The Silk Road-themed Casablanca sits like an oasis in the heart of the Bishop Arts District, just a few steps off the main artery. Here the mood is a desert oasis with sandy hues and a Moroccan aura. Like any cool desert hangout, its centered on a calming pool of water (which is not for swimming). The menu of small bites stretches from the Middle East to Asia, from smoked edamame to pork and plum dumplings. Casablanca also expanded, adding an adjacent outdoor post called The Palm Bar with grab-and-go cocktails and a sandy lounge area. But if you and your friends like to get loud, get a room: Casanova is a sing easy in the back, with several swank private karaoke lounges for up to 15 guests. Reservations are a must.

Community Beer Company

3110 Commonwealth Drive

Community Beer Company is one of the original craft breweries in Dallas. Their Mosaic IPA is a pillar in the local beer community, and their shiny new brewery just northeast of downtown that opened earlier this year is an ode to how far the local craft beer scene has come in 10 years. With more than 70,000 square feet of elbow room, this two-story production brewery and biergarten is host to families, friends, birthday parties and plenty of pooches on the weekends. They offer almost two-dozen beers on tap, all their own. Community Kitchen, an on-site kitchen, is still in the works and expected to open sometime in 2022. For now, they host food trucks on Fridays and Saturdays and delivery drivers regularly drop off boxes of pizzas to picnic tables.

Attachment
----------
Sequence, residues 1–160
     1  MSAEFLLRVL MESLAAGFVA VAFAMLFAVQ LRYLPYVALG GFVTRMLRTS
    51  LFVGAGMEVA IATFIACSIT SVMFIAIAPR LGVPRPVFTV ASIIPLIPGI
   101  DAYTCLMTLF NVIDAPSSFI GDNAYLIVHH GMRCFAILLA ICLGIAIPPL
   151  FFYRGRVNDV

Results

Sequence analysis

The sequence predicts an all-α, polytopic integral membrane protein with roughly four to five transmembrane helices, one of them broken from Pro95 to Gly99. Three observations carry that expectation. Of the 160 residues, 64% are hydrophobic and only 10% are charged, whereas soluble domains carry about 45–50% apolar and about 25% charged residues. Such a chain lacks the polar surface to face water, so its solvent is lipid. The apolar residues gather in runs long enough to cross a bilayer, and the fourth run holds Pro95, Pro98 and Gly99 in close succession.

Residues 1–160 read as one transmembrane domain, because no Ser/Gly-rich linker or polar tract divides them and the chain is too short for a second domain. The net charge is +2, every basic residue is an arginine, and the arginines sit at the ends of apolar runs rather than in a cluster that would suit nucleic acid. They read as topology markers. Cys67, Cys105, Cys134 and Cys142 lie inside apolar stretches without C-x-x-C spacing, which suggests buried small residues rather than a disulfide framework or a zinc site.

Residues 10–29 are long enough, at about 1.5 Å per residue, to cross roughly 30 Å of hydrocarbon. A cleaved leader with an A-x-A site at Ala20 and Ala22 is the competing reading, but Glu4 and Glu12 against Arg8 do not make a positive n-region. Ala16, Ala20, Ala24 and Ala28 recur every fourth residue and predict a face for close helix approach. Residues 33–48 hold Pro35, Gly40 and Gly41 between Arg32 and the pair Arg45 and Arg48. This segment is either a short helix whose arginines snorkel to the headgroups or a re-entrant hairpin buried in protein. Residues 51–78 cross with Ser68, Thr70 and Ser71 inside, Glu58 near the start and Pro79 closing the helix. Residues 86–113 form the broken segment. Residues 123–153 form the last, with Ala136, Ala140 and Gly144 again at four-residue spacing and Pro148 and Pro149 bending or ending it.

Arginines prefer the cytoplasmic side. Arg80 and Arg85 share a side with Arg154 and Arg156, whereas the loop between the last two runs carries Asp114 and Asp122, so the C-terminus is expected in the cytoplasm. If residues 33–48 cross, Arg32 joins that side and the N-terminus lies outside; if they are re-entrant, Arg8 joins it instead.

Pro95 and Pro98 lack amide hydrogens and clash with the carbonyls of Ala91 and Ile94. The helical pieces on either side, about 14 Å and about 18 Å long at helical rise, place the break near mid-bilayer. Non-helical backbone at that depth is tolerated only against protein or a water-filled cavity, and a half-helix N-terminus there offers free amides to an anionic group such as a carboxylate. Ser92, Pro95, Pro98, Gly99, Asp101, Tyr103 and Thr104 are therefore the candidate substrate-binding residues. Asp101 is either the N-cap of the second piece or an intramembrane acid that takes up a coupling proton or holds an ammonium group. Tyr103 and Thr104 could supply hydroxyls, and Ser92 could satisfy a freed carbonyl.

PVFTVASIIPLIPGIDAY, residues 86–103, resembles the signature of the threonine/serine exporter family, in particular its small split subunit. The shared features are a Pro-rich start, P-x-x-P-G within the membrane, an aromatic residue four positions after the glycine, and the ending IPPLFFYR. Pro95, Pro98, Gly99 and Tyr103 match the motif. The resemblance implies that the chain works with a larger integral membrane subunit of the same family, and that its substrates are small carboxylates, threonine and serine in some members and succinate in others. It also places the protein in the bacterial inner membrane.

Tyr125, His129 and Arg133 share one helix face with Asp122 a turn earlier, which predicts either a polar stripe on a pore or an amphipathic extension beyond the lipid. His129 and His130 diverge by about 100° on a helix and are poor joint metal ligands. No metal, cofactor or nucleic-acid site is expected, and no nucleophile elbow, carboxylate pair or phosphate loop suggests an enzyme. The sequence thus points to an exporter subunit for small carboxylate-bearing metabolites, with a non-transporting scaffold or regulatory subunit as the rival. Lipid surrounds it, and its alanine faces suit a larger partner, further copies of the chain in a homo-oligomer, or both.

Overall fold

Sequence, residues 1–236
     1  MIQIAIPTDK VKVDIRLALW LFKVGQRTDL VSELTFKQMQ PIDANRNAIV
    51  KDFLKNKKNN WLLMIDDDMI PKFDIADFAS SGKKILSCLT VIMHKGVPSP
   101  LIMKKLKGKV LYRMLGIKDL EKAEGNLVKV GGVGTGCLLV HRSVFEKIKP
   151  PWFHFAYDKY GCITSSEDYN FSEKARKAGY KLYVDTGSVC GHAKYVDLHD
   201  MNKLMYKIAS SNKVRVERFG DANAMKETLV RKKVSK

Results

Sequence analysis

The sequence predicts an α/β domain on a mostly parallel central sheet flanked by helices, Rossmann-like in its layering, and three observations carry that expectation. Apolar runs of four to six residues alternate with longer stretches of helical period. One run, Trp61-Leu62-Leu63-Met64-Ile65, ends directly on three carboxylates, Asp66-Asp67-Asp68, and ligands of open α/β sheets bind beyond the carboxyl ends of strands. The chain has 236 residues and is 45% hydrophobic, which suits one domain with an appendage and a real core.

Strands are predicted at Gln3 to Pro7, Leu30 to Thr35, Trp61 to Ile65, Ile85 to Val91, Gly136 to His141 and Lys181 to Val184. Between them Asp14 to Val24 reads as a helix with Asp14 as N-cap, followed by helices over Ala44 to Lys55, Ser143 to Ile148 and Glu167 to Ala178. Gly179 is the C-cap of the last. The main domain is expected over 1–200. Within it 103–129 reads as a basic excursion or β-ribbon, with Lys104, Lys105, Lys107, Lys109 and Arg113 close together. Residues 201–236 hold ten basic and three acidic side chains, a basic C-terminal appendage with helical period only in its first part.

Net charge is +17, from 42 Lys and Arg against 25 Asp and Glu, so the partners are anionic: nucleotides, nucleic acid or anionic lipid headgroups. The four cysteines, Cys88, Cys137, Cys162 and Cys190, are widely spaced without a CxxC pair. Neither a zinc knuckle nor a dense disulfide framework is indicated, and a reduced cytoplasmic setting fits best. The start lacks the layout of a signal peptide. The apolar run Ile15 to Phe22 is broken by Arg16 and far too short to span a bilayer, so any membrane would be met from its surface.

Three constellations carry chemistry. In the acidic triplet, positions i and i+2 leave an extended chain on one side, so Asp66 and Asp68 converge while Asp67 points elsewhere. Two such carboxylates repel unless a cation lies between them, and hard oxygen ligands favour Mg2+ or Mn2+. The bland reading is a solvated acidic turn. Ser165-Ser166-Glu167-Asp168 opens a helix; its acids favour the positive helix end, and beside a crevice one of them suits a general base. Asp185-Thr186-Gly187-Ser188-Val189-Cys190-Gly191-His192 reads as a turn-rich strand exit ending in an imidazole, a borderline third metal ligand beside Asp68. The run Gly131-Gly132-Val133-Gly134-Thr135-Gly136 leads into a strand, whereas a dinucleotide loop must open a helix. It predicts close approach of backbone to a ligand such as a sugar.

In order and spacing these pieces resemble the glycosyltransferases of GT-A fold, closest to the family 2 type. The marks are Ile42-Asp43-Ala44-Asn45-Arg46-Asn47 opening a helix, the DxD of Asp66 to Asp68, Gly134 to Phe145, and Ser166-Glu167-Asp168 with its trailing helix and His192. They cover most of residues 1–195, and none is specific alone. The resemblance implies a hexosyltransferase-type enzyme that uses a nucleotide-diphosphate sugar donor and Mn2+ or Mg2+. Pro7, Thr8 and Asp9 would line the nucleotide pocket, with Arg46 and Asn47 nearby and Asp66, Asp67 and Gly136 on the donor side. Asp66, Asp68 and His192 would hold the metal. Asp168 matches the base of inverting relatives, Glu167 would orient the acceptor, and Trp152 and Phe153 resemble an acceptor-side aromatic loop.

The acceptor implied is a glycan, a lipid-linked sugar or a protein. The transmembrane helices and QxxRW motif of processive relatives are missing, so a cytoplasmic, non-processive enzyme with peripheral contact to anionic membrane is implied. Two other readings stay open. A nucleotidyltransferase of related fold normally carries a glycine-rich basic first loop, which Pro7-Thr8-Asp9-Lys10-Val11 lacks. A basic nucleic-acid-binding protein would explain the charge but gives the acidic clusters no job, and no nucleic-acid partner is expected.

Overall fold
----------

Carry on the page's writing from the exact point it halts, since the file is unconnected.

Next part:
Four Corners Brewing Co.

1311 S. Ervay St.

Four Corners Brewing Co. has come a long way since the 5-gallon home brew system it started with an over a decade ago. Their large brewery in The Cedars neighborhood hosts their manufacturing facility and a well-adorned taproom (we love the upside-down lamp installation overhead). They offer one-of-a-kind beers brewed on a smaller experimental seven-beer barrel system behind the taproom. One of the best times to visit is Thursday evenings for lotería, which is sort of like bingo but with fresh craft beer and 20-year-olds (although your nana is more than welcome). Nosh on fried fajita balls and nachos while learning new Spanish words. Their Heart o’ Texas red ale is an Observer staff favorite. Try out the Geeks Who Drink Trivia on Sundays and monthly bike rides for more good fun.


1401 Elm St.

Fifty floors atop The National building in downtown sits Michelin-star chef Danny Grants’ cocktail and sushi den, Kessaku. To find it, take the elevators to Monarch on the 49th floor, but instead of going to the restaurant, take a left into a hallway and head upstairs. You’ll find a posh cocktail lounge with floor-to-ceiling windows delivering a stunning skyline view. Hip-hop music overhead is turned up, and when the place is packed, it’s loud. We can’t report much on the cocktails and sushi, other than they went down real easy; perhaps it’s asking too much to compete with this view and big boss energy. Valet is available and reservations are a must.